Mexican Rice Pudding
Published by William Morrow
This dessert is softer and more cinnamony than our baked rice pudding. The flavors are simple and close to home, but it’s easy to develop a thoroughgoing love for it, spoonful after spoonful. Mexican people everywhere serve it as regularly as they do flan; it’s creamy and, in its own way, light and soothing. This is an especially pretty and tasty recipe, based on one from Zelayaran’s Las 500 mejores recetas de la cocina mexicana.
Serves8 to 10 servings
Total Timeunder 1 hour
Make Ahead RecipeYes
OccasionBuffet, Casual Dinner Party
Dietary ConsiderationKosher, Peanut Free, Soy Free, Tree Nut Free
Taste and TextureCreamy, Light, Rich, Spiced, Sweet
Type of DishPudding
- 2 inches cinnamon stick
- A 2-inch strip of lime zest (colored rind only), ? inch wide
- 1 cup rice
- 1 quart milk
- ? cup sugar
- ? teaspoon salt
- 4 large egg yolks
- ? teaspoon vanilla extract
- ? cup raisins
- 1 tablespoon unsalted butter, cut into bits
- Ground cinnamon, for garnish
The rice: Bring 2 cups water to a boil in a medium-size saucepan, add the cinnamon stick and lime zest, then cover and simmer over medium heat for 5 minutes. Pour in the rice, let the mixture return to a boil, stir once, then cover and cook over medium-low heat for 20 minutes, until all the liquid is absorbed and the rice is tender.
The pudding: Stir in the milk, sugar and salt, and simmer over medium to medium-low heat, stirring frequently, until the liquid shows the first signs of thickening, 20 to 25 minutes. Take from the heat and remove the cinnamon stick and zest. Beat the egg yolks until runny, stir in the vanilla and a few tablespoons of the hot rice, then stir the yolk concoction back into the rice mixture. Mix in half the raisins, then spoon the rice pudding into a decorative 8-inch-square baking dish.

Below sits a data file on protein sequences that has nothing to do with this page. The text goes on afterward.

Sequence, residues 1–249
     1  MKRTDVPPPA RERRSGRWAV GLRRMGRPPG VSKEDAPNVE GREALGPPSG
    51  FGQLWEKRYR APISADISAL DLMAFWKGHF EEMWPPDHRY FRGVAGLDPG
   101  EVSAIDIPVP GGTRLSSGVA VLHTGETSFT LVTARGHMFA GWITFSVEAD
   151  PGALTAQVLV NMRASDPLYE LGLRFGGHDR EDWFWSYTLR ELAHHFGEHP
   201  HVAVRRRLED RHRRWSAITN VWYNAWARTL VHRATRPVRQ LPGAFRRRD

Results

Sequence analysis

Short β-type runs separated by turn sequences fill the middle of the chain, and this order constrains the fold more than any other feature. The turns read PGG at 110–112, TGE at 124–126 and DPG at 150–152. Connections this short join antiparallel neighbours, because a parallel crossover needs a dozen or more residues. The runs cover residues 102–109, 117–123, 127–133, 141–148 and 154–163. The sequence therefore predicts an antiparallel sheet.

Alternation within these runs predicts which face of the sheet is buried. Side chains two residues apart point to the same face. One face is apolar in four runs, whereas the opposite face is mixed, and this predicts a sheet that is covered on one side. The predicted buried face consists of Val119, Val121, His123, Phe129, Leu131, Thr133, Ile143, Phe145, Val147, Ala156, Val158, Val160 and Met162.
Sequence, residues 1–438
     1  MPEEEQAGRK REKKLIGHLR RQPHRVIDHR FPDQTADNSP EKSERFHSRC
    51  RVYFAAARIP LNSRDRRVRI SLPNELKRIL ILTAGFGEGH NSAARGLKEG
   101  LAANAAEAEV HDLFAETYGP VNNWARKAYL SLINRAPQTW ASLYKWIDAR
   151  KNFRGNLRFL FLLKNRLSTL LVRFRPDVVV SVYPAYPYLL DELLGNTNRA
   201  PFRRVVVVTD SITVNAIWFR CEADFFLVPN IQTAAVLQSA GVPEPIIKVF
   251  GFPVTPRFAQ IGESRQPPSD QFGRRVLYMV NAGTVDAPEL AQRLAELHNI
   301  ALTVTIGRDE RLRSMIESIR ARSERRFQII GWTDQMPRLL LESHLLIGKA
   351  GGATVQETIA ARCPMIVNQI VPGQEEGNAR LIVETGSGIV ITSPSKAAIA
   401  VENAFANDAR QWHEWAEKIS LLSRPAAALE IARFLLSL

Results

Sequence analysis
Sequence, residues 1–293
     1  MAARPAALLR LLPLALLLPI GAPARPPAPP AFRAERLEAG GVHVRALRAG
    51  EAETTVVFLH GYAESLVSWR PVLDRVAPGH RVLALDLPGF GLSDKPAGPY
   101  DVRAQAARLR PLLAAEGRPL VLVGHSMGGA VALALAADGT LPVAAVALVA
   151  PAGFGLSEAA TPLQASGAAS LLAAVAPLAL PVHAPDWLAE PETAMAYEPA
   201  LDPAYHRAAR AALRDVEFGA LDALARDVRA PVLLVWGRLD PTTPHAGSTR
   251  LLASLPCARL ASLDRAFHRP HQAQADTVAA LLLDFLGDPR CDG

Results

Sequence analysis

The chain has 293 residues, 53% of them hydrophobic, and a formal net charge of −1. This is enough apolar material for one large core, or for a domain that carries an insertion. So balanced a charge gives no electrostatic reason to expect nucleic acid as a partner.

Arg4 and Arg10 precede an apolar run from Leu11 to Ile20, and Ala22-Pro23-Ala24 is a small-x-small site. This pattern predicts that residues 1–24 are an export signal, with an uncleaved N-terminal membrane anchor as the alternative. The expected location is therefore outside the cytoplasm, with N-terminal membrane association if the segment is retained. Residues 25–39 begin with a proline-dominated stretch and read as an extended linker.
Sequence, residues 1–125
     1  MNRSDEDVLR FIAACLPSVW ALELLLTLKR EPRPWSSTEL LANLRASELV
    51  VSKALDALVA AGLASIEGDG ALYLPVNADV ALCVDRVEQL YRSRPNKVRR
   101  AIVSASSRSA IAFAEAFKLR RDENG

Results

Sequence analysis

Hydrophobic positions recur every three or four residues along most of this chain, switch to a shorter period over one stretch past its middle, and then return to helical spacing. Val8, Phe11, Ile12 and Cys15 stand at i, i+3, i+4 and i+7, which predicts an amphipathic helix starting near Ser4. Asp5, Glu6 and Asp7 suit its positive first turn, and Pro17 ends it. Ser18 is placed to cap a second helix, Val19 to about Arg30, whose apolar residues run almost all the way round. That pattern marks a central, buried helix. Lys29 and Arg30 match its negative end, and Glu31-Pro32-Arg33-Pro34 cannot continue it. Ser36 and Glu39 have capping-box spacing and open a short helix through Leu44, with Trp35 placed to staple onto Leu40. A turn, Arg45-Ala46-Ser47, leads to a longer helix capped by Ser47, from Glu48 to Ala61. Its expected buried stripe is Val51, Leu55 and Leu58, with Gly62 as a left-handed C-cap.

Browning and finishing the pudding: Preheat the broiler and dot the rice pudding with butter. Set the dish under the heat long enough to brown the top, 3 or 4 minutes. Sprinkle with the remaining raisins and the ground cinnamon, and serve warm or at room temperature.
Thickening the Rice: In Step 2, the mixture should be simmered only until the milk takes on a slight creaminess (it will still look soupy). Overcooking will give you something dense and unapproachable. Should the latter be your fate, stir in a few tablespoons of milk just al you’re about to serve, dot with butter and brown again.
Timing and Advance Preparation
The rice pudding can be ready in an hour, much of which won’t involve your direct participation. It may be prepared through Step 2 a day or two ahead, then buttered and broiled shortly before serving.
Rice pudding brings to my mind the volatile, chancy crowd of Mexico City’s Garibaldi Square, where this dessert, only one of the attractions, sits in huge, milky masses stuck with a raisin or two for decoration. Or sometimes I’m reminded of the well-used walkways around the Oaxacan market, where ladies sell it in paper cups at sundown. Or I picture any of a dozen other typical scenes: from rude, makeshift street stands to well-appointed traditional restaurants–where arroz con lecbe is the thing you have.
1987, 2007 Rick Bayless and Deann Groen Bayless